For the cake batter, cream the vegetable shortening and molasses in the bowl of an electric mixer set on medium speed. Add the egg, flour, baking powder, baking soda, salt, nutmeg, ginger and buttermilk. Beat the ingredients 2 to 3 minutes, scraping down the sides of the bowl occasionally, until the batter is smooth. Spoon the batter over the fruit.


Bake 25 to 30 minutes, or until a cake tester inserted into the center comes out clean.


Invert immediately onto a serving plate, but do not remove the pan.


Let stand 8 to 10 minutes, remove pan and let cake cool.



1 Tbs. Olive Oil

1 Medium Onion, finely chopped

1/2 cup Fresh Mushrooms, sliced

1/4 cup Green Bell Peppers, thinly sliced

1 cup Stewed Tomatoes, un-drained

1 cup Beef Stock

8 oz. Pepperoni, thinly sliced

1/2 tsp. dried Basil

1/2 tsp. dried Oregano

1 dried Bay Leaf

Salt and Pepper to Taste

1 cup Mozzarella Cheese, shredded

Either pre-heat oven broiler now, or utilize a microwave to garnish your

dinner presentation by melting the shredded Mozzarella cheese sprinkled over

the top of the finished soup. Warm olive oil in a large, deep skillet over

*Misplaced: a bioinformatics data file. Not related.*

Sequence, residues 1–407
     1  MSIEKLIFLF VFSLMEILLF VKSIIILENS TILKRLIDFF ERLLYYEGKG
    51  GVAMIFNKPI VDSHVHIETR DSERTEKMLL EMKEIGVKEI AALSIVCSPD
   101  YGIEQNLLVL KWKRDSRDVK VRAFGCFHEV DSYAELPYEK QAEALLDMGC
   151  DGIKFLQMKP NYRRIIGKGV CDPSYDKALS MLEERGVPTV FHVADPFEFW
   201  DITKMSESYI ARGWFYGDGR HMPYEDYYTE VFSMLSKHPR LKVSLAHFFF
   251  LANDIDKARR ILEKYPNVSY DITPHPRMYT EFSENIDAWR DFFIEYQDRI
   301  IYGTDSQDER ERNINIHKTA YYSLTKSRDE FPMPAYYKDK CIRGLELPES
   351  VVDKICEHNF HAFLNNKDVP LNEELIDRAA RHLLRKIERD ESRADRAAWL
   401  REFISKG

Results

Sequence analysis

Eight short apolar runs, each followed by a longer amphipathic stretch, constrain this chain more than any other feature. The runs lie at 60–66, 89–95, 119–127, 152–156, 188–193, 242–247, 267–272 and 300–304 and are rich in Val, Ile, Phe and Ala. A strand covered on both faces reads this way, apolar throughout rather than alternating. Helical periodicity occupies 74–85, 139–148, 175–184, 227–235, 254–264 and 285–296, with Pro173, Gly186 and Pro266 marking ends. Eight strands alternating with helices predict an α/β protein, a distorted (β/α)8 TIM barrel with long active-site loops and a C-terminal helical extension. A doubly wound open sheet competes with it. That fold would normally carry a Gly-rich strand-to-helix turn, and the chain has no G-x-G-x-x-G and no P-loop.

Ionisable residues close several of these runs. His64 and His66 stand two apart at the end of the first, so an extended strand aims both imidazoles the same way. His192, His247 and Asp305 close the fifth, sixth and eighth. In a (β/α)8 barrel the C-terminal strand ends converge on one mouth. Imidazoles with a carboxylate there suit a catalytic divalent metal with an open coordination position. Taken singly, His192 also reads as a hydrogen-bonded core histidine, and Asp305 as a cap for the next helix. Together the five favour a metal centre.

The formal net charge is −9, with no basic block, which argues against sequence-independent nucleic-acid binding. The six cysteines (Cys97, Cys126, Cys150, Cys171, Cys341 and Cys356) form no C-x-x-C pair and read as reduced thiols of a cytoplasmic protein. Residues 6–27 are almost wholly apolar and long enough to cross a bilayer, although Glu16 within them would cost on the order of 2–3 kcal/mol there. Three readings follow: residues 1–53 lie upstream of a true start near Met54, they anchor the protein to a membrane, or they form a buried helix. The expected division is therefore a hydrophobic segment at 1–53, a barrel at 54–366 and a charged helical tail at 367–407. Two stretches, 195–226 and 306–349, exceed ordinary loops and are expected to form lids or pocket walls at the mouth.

medium heat. Saute` onion, mushrooms, and green bell peppers until soft, but

not browned. It usually takes about 3 to 5 minutes for the onions to become

translucent. Add stewed tomatoes, beef stock, pepperoni, basil, oregano,

and bay leaf. Continue to warm until the mixture is heated through, making

sure to stir occasionally. Find the bay leaf swimming in your soup and

discard it. Add salt and pepper to taste. Ladle the soup into oven-proof

bowls and sprinkle with shredded Mozzarella cheese. Either broil in the

oven until the cheese melts and is bubbly, or microwave to produce the same

results. Serve warm. To store, refrigerate without the cheese garnish.



1 cup butter

2 cup sugar

Add one at a time:

4 eggs


1 tsp. vanilla

1 tsp. lemon extract

Add alternately:

1 cup buttermilk or sour milk

3 cup flour

1/2 tsp. baking powder

1/2 tsp. soda

3/4 tsp. salt